Does ‘the most luxurious ship ever built’ live up to the hype? A photo tour of Regent Seven Seas Explorer


Comfort: Sun loungers surround the pool

The cruise ship billed as ‘the most luxurious ever built’ made its maiden call to the UK today at the start of an 11-night voyage round Britain and Ireland.

And it was clear soon after I boarded Regent Seven Seas Explorer in Southampton that the £350million ship lives up to its hype, dripping opulence and elegance which sets it apart in the increasingly competitive luxury cruise market.

Take as a starter the 4,443 square foot Regent Suite, which you enter through ornate doors bordered each side by a Picasso. This two-bedroom apartment has its own spa retreat, sauna, outside hot tub, bar, £113,000 bed – and £390,000 Steinway piano designed by Dakota Jackson. The walk-in wardrobe to the master bedroom alone could rival some other lines’ smaller cabins for size.


Just one corner of the Regent Suite


Artwork surrounds a dining table in the Regent Suite


A good night’s sleep is guaranteed in the £113,000 bed


Hanging room: The main walk-in wardrobe in the Regent Suite


Your own bar in the Regent Suite


Steinway to heaven: The £390,000 piano


The Regent Suite’s bathroom, spa area, sauna, outside hot tub and deck

The lucky occupants are offered a private luxury car and driver in every port and, along with guests in the next two lower grades of suite, have access to a private dining room.

No wonder the price of this apartment is an eye-watering $10,000 (£7,750) a night.

It’s easy to see where some of the millions were spent on Seven Seas Explorer. Another £390,000 went on a two-ton Tibetan prayer wheel at the entrance of the Pacific Rim restaurant. An unexceptional-looking vase cost £15,000. Oh, and look, there’s another Picasso.


The £390,000 Tibetan prayer wheel at the entrance to the Pacific Rim restaurant


Entering the Observation Lounge


Steak out: Prime 7


Parisian: Chartreuse

Of course, only plates by Versace would be good enough for the excellent food.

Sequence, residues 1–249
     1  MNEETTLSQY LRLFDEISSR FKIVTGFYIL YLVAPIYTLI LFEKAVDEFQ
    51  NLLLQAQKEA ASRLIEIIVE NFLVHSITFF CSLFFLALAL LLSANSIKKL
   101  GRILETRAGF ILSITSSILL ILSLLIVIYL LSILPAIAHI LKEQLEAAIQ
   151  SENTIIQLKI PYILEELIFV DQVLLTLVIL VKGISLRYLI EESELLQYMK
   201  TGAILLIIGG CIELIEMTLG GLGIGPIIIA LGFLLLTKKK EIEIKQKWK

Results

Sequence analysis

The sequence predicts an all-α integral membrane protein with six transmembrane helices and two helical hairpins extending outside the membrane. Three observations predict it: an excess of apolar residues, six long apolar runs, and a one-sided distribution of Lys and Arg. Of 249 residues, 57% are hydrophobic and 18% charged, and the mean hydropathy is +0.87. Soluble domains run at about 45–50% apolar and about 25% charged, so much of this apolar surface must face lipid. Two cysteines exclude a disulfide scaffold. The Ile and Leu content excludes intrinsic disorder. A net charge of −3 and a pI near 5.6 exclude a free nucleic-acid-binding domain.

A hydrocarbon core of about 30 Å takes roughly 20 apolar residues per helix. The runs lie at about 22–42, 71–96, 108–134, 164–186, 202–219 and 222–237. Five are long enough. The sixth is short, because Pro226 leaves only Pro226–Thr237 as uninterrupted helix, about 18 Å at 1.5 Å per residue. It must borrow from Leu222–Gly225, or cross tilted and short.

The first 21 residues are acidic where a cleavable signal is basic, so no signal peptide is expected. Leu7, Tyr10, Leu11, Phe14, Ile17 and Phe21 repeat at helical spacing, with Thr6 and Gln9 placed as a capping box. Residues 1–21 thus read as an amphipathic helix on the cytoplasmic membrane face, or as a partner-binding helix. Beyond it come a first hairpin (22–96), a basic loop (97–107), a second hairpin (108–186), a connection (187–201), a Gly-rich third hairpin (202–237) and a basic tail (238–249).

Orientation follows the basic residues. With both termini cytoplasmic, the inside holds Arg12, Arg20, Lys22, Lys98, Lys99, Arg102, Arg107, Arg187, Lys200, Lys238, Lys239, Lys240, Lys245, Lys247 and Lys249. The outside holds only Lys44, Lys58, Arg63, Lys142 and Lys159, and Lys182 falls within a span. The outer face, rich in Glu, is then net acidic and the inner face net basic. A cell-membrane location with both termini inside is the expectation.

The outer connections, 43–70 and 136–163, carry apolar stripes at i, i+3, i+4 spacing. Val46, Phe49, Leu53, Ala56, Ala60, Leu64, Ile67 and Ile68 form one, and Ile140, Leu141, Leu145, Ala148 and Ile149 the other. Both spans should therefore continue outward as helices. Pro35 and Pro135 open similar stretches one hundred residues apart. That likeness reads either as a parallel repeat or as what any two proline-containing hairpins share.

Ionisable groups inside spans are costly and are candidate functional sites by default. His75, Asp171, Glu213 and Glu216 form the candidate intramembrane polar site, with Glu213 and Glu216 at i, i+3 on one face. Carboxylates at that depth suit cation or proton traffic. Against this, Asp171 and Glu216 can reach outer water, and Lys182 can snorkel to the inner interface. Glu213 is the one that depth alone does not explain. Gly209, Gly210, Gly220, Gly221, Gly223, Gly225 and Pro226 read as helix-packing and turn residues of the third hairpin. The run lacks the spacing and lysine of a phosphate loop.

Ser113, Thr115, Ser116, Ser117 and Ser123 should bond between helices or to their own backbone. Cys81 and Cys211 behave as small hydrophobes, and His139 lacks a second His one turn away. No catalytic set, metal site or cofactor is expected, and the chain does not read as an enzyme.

Each of the six restaurants has its own distinctive character. As well as the pan-Asian dishes in Pacific Rim, guests can enjoy Parisian dining in Chartreuse, steaks in the surroundings of a private London club in Prime 7, the contemporary look of Compass Rose and the feel of the 1960s Italian Riviera in La Veranda.


Hidden: The ‘secret’ dining room for top-suite guests

Even the Pool Grill serving burgers, pizza and fresh salads has a refined air.

No expense or trouble is spared for the 750 passengers. With 552 international crew, the pool and the surrounding loungers are kept sparkling clean. The spa has its own corridor. All the lounges are discreetly inviting and the theatre seating has the vibe of an upmarket jazz club.


Rehearsing for the evening in the Explorer Lounge


The chandelier in the atrium


Grand entrance: Heading to Compass Rose

With artwork and sculptures everywhere, this isn’t the glitz and bling you get on some cruise ships. Everything looks valuable, impressive, sophisticated rather than showy.


Really cool: An ice room in the spa

Every cabin is a suite with a balcony. And if you think it all sounds too grand and expensive, you might be wrong. Because Regent’s fares include flights, shore excursions, premium drinks, speciality restaurants and free wifi, it claims the cost per person per day can actually work out cheaper than taking a smaller suite on a ‘premium cruise line’ ship twice the size.


Stage right: The theatre

Seven Seas Explorer will call in to Newcastle on Monday then continue its voyage with stops including Edinburgh, Belfast, Dublin and Liverpool before returning to Southampton on June 14. The ship will be back in the port again for a ten-night cruise in September.


Round-Britain voyage: Seven Seas Explorer

All pictures by author, except for exterior shot. 

2 thoughts on “Does ‘the most luxurious ship ever built’ live up to the hype? A photo tour of Regent Seven Seas Explorer

  1. I would love to be able to play piano while on a cruise. I don’t think I’m willing to pay those insane prices though!

    Really interesting post, thanks for letting us all have a look around.

    • Thanks! I remember we were on one cruise and we met a couple we’d seen the night before and asked where their daughter was. ‘She’s in the cabin playing the piano,’ they said matter-of-factly, as if it the thing everyone did on a cruise!

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